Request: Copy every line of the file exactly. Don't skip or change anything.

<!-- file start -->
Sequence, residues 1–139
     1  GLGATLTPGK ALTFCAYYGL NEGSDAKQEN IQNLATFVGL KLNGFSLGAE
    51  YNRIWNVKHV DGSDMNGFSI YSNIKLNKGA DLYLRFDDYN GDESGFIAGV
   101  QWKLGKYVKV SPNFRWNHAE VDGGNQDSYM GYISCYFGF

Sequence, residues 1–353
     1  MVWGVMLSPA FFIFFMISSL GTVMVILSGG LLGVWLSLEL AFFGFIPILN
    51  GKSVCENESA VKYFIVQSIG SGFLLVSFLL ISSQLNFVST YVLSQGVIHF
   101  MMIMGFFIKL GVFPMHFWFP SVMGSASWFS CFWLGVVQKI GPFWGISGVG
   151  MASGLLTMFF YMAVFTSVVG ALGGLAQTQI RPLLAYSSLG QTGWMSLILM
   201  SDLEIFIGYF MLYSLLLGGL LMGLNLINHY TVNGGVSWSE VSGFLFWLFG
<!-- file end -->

Sequence, residues 1–139
     1  GLGATLTPGK ALTFCAYYGL NEGSDAKQEN IQNLATFVGL KLNGFSLGAE
    51  YNRIWNVKHV DGSDMNGFSI YSNIKLNKGA DLYLRFDDYN GDESGFIAGV
   101  QWKLGKYVKV SPNFRWNHAE VDGGNQDSYM GYISCYFGF

Sequence, residues 1–353
     1  MVWGVMLSPA FFIFFMISSL GTVMVILSGG LLGVWLSLEL AFFGFIPILN
    51  GKSVCENESA VKYFIVQSIG SGFLLVSFLL ISSQLNFVST YVLSQGVIHF
   101  MMIMGFFIKL GVFPMHFWFP SVMGSASWFS CFWLGVVQKI GPFWGISGVG
   151  MASGLLTMFF YMAVFTSVVG ALGGLAQTQI RPLLAYSSLG QTGWMSLILM
   201  SDLEIFIGYF MLYSLLLGGL LMGLNLINHY TVNGGVSWSE VSGFLFWLFG